If it was adapted from the system created for Manifestation: Hong Kong, yep, that one was the horribly broken bastardization of mine. It sounds like it got worse from there, and it's hard to get worse than 'look we don't understand this crap we just want to write up spiffy powers to make us the specialest snowflakes so we can get on with our lesbian fairy sex, so here we're going with this version that removes the benefits of the system and leaves it horribly broken so we can get back to artificially inseminating one another with our magic nymph tongue-tentacles'.
I wish I was kidding. I'm not kidding. :( I'm not even kidding a little.
Edit: Oh -- and no, the creator of Windy City (whose RL name I know but I don't know what name she used on WC so I can't name the name here, sorry!) did NOT have permission to take the system written for M:HK, broken or not. :/
Addendum on this one: The combat system wasn't my nightmare. I just had a core stat block at the time, without the combat system in place. I don't remember who did MHK's, so I have no idea what happened from there. (It may not even have had one to speak of; I don't even recall if MHK and the game it was based on were 'consent games with stats' or not, and they may very well have been.)
It was a plot consisting of 11 scenes involving 13 seperate PC and ended with Patrick making a deal with them after a series of assaults against important officers within the Free Company, and killing the Leaders second-in-command, which forced them to abbandon all activity in North America.
I mean I am European so my scenes aren't in the ideal time for americans, but that's bigger than most plots and I guess I'd count it as attention.
Anyway, I am derailing at this point I guess.
Nah, it's important to get shit like that out there. People often assume that their personal experience is indicative of the larger state of things, and it's often not the case.
I'm with you on GURPS, @Thenomain. In the '90s I had a bunch of friends who were all about the GURPS and tried to turn every possible setting or campaign into a GURPS version. I stopped gaming with these friends for close to a decade because of this seeing as I, you know, absolutely fucking hated GURPS.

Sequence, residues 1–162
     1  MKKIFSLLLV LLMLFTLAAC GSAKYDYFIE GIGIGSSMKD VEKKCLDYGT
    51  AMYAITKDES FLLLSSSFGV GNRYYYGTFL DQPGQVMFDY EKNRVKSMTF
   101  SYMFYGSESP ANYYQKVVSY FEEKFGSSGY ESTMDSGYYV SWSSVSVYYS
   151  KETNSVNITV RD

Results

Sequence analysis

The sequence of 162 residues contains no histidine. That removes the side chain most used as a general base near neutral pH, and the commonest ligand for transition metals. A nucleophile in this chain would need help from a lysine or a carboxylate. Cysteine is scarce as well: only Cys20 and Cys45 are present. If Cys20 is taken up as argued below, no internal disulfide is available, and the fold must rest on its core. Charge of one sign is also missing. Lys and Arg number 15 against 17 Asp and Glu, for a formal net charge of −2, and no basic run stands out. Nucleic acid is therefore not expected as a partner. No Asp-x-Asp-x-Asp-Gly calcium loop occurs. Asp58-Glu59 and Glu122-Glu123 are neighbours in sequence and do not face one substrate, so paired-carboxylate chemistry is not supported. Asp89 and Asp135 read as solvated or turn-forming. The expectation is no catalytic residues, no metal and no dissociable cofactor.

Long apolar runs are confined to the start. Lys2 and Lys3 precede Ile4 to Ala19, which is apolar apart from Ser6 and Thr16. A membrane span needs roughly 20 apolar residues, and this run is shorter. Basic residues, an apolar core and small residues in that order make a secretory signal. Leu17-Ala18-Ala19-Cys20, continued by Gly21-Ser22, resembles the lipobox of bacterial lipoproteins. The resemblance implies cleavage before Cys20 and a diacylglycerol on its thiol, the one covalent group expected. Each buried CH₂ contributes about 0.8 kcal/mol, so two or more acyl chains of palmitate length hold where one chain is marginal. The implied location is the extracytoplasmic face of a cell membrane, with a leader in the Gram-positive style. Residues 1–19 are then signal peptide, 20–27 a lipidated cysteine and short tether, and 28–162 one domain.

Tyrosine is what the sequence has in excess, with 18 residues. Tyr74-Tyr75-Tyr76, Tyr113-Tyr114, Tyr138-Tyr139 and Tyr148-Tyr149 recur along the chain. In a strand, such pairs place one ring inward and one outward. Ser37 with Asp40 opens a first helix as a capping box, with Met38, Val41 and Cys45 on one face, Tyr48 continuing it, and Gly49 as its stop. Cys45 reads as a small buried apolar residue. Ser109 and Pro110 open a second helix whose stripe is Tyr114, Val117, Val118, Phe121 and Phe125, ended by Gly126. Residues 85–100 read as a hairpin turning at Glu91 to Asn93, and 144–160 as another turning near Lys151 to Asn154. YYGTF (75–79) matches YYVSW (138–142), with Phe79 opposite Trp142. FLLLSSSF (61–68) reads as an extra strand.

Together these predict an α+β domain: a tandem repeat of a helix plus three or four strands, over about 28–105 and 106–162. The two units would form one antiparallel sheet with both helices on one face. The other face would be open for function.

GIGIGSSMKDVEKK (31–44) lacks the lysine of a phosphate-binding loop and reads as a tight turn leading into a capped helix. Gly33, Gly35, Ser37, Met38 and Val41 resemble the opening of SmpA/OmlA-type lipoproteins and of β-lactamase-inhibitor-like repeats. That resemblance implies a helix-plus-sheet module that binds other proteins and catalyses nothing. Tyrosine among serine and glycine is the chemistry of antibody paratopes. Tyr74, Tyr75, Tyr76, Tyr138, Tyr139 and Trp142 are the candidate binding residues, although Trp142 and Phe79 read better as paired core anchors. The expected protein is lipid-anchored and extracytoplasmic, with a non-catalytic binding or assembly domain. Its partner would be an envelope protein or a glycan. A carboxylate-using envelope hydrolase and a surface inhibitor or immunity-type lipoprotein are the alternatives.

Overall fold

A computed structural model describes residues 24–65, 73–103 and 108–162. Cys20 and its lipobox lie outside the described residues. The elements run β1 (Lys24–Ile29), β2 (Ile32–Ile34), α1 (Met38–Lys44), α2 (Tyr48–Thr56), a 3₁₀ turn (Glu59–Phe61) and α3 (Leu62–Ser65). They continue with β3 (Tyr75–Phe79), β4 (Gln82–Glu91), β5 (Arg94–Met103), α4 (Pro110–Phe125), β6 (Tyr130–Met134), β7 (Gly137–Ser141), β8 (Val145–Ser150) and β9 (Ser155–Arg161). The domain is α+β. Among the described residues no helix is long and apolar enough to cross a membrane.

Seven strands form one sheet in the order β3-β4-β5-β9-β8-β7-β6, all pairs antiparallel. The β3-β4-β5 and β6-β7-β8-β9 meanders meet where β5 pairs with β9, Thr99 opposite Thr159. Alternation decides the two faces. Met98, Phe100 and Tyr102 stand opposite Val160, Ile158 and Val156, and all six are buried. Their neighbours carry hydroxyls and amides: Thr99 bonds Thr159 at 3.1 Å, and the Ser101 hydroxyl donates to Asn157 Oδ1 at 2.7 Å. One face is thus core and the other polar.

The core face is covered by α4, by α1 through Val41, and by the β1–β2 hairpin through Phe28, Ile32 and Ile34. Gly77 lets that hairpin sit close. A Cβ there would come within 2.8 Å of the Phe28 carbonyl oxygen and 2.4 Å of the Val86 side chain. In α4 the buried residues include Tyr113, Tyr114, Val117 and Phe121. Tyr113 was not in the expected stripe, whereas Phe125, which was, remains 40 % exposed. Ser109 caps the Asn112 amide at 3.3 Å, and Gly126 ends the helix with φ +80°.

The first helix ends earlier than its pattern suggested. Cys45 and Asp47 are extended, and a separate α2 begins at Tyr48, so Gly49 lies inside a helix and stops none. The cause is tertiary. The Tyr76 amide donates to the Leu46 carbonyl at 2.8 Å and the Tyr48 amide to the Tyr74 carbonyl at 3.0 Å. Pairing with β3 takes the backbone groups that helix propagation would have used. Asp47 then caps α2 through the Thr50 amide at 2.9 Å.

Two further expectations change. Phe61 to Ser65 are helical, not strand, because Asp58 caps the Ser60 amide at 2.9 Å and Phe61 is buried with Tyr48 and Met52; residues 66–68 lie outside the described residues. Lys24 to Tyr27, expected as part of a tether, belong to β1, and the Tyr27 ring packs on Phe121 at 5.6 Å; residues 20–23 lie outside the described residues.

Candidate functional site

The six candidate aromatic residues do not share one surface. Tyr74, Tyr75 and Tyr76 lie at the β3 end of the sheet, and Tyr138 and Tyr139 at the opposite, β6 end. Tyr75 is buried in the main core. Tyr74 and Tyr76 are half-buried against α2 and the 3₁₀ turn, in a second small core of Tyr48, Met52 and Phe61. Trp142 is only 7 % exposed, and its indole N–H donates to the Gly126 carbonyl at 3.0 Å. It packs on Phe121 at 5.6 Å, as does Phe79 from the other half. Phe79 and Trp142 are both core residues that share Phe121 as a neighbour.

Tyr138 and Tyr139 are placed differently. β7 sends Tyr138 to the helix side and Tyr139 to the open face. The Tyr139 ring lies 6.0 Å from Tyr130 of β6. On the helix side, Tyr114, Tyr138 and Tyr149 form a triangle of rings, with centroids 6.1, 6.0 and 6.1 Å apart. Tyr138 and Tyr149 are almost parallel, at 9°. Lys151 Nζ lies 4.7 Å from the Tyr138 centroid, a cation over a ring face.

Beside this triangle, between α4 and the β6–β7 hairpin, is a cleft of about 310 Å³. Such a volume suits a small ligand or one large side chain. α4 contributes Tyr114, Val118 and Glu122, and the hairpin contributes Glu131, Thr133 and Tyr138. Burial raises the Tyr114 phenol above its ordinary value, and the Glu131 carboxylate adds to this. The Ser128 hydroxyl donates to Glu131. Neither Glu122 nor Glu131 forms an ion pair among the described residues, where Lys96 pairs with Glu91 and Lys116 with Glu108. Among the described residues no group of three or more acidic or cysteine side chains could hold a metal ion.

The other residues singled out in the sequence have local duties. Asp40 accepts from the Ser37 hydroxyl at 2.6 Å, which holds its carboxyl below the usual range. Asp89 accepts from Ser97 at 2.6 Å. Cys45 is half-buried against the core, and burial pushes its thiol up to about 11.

It's a point value system that can't decide if points measure utility or difficulty. It is, thus, incredibly hackable to the point that I described GURPS character points as "measuring nothing but how much your character costs in GURPS character points".
It has all the complexity and slowdown problems of "crunchy" systems without any actual verisimilitude, arguably the only real benefit of using a system heavy on the crunch. (An epic Usenet flamewar with this guy led to Yet Another GURPS Patch in Yet Another GURPS Supplement because he was so stung by accusations that GURPS was unrealistic way back when.)
The genre books often pretty much just rewrote the game rules almost from scratch, keeping only a tiny core of the game rules alive. The result was such that it was often as much work as learning a whole new (better suited) game system over learning the GURPS variant in use for a given genre.
I didn't say we'd cross off 90% of stuff, thus leaving 10% behind, just that I'm only 90% sure we'd cross off 100% of everything anyone does on these games.
100% - 90% = 10%, duh.
(Joke with Raptor. It's super-effective.)
Yeah, I know what you meant, frat-boy.There was a game, Metro perhaps, which had a specific category for "Victim RP" where you could pull out an NPC just to be messed with and, well, victimized. It makes my skin crawl, but I can't deny that it was quite popular.
Uh.... so this is interesting. This is my game (renamed to Umbral Shards). I will say this, though, that the Risk file was one of the first I put up out of notes and such... and then had several conversations on here about the very same thing. Given the vehement opposition in conversation, I might likely go back and either rewrite it, or just scrap the idea because, well, subsequent conversations right here.
With that said, I haven't had time due to work to do anything but code on the place.
By my memory, several bottles should have been finished by now.
Considering how much you've been drinking, I'm questioning your judgment.
I don't (can't) drink at all. Of course, that I'm here and perfectly sober is good reason to question my judgment.